Tackling medication overuse headache in primary care

24 Sep 2018Paid-up subscribers

Medication overuse headache (MOH) occurs as a complication of the management of primary headache disorders, mainly migraine and tension type headache. MOH does not occur in cluster headache unless there is associated migraine. MOH is defined as headache occurring on 15 or more days per month, that has evolved in association with the frequent use of acute medication over a period of more than 3 months. Any medication used for the acute treatment of headache can cause MOH.

Diagnosis and management of sleep-related epilepsy in adults

24 Sep 2018Paid-up subscribers

Nocturnal epilepsies account for 10-15% of all epilepsies, and 80% of nocturnal epilepsies in adults are focal. They present a diagnostic challenge as they can be difficult to differentiate from normal movements and behaviour during sleep and also from several non-epileptic, sleep-related, motor and behavioural disorders. More than 90% of the seizures in sleep-related hypermotor epilepsy (SHE) occur during sleep. Seizures in SHE are simple partial seizures which easily wake the patient so that they will usually be able to recall the seizures, often describing auras of somatic sensations or feeling unable to breathe. SHE seizures have a rapid onset and offset, a short duration (usually < 2 min), and a stereotyped motor pattern for that individual.

Diagnosis and management of complex regional pain syndrome

22 Sep 2017Paid-up subscribers

Complex regional pain syndrome (CRPS) is a chronic debilitating painful condition comprising unremitting pain, sensory, sudomotor, vasomotor and motor abnormalities in the affected extremity. It has a peak incidence in the 55-75 age group and there is an association with asthma and migraine. CRPS is three times more common in women than men. CRPS should be suspected in any patient presenting with persistent pain in an extremity beyond the expected period of tissue healing following an acute injury, sprain, fracture or surgical procedure. Severe pain in a glove or stocking distribution is the predominant symptom in > 90% of cases.

Identifying neurological causes of daytime sleepiness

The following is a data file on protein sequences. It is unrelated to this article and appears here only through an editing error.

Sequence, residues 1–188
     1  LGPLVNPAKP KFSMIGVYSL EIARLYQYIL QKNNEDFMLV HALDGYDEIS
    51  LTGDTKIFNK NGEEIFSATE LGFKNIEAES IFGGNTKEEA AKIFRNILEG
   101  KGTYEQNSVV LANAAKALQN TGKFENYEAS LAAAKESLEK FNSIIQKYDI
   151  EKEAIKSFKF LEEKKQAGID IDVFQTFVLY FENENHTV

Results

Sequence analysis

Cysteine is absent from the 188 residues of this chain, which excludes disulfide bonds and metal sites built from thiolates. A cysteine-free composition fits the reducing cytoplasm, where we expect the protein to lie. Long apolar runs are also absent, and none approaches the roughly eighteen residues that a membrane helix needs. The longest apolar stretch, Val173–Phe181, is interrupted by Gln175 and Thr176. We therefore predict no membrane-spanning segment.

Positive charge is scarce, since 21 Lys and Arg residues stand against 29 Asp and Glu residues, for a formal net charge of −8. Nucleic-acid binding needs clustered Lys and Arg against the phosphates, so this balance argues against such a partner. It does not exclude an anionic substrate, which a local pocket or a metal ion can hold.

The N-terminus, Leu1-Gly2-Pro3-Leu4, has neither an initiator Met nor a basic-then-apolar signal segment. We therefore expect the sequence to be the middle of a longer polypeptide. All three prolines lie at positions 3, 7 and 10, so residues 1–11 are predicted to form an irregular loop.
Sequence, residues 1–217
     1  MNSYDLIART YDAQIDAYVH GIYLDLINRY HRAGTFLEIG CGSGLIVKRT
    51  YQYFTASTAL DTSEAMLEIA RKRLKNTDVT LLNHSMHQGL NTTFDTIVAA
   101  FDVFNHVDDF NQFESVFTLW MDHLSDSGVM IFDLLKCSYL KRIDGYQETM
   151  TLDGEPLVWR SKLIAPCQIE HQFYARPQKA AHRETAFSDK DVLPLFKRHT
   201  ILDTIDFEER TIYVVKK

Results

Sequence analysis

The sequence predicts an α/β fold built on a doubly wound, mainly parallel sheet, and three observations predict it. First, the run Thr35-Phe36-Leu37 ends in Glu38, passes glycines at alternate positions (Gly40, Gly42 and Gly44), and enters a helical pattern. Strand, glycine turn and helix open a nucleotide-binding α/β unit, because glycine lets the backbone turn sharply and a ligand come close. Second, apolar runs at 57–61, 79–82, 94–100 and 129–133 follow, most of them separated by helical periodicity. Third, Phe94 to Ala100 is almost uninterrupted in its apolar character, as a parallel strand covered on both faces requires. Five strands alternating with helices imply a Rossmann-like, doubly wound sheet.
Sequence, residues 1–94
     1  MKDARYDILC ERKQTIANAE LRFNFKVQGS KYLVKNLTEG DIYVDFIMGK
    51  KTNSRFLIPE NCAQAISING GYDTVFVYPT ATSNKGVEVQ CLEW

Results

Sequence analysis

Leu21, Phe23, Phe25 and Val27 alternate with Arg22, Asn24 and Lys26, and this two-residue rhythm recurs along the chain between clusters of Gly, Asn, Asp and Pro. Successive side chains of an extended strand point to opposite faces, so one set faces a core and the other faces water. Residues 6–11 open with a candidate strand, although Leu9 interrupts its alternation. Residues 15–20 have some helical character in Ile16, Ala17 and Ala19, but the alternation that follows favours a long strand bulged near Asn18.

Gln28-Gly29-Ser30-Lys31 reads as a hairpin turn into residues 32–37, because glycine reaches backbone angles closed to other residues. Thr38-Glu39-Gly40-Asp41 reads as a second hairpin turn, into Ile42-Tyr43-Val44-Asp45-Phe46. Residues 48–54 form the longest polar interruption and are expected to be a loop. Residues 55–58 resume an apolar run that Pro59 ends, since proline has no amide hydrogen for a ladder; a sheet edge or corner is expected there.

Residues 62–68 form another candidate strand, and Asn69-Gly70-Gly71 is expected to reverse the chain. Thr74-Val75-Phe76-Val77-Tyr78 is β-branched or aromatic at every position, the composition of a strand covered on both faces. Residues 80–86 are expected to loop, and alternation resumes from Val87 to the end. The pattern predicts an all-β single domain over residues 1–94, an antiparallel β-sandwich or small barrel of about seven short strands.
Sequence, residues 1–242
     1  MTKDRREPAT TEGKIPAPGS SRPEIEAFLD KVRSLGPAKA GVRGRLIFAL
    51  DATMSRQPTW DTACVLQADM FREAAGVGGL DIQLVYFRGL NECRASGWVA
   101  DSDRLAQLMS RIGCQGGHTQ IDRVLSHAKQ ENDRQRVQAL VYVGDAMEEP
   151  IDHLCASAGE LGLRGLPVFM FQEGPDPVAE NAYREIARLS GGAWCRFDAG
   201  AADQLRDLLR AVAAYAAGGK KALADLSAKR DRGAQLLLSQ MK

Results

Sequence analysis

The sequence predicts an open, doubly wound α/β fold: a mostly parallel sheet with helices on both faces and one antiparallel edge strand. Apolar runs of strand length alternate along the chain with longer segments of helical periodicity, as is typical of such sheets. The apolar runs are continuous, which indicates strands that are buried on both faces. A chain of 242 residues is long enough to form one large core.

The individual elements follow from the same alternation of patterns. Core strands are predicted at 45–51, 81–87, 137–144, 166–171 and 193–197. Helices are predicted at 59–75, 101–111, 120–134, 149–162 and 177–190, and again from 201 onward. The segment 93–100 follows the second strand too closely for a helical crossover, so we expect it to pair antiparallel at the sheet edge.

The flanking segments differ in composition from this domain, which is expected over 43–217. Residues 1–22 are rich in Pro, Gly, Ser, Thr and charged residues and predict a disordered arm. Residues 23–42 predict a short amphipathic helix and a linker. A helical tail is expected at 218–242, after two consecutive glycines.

22 Sep 2017Paid-up subscribers

The prevalence of sleep complaints in adults in a primary care setting is > 10%. The most frequently seen condition by far is that of primary insomnia, which affects 10% of adults on a chronic basis. In contrast to primary insomnia, in which most patients report tiredness and fatigue during the day but are unable to sleep during the day either, the second most frequent sleep disorder encountered, obstructive sleep apnoea, is typified by excessive daytime sleepiness. Patients with primary insomnia or fatigue syndromes typically will score low on the Epworth Sleepiness Scale (ESS < 3) whereas those with organic sleep pathologies or sleep restriction will score higher. A score > 10 is seen as 'pathological', with a mean ESS in the population of 5-6. 


Special reports

Early symptom recognition key in management of TIA and stroke

24 Nov 2020Registered users

In the UK, at least 100,000 people have an acute stroke each year. A first ever transient ischaemic attack (TIA) affects around 50 people per 100,000 per year and around 15% of people who have a first stroke have had a preceding TIA. Patients with a suspected TIA should be referred immediately for specialist assessment and investigation, to be seen within 24 hours of onset of symptoms. Patients with a suspected stroke should be admitted immediately to hospital, ideally to an acute stroke unit. Patients with a suspected TIA who have a bleeding disorder or are taking an anticoagulant should also be admitted to an acute stroke unit as haemorrhage must be excluded.

Prompt diagnosis can improve outcomes in multiple sclerosis

27 Oct 2020Registered users

Multiple sclerosis (MS) is the leading cause of non-traumatic neurological disability in young adults. Between 1990 and 2016, the UK prevalence increased by 28%, due to earlier diagnosis and increased survival. The female to male ratio is 2:1, and patients have a minimally reduced life expectancy. Diagnostic criteria require that clinical, radiological and laboratory signs of MS are disseminated in both time and space. Diagnosis is based on a combination of features (relapses and clinical progression), MRI findings, and CSF analysis.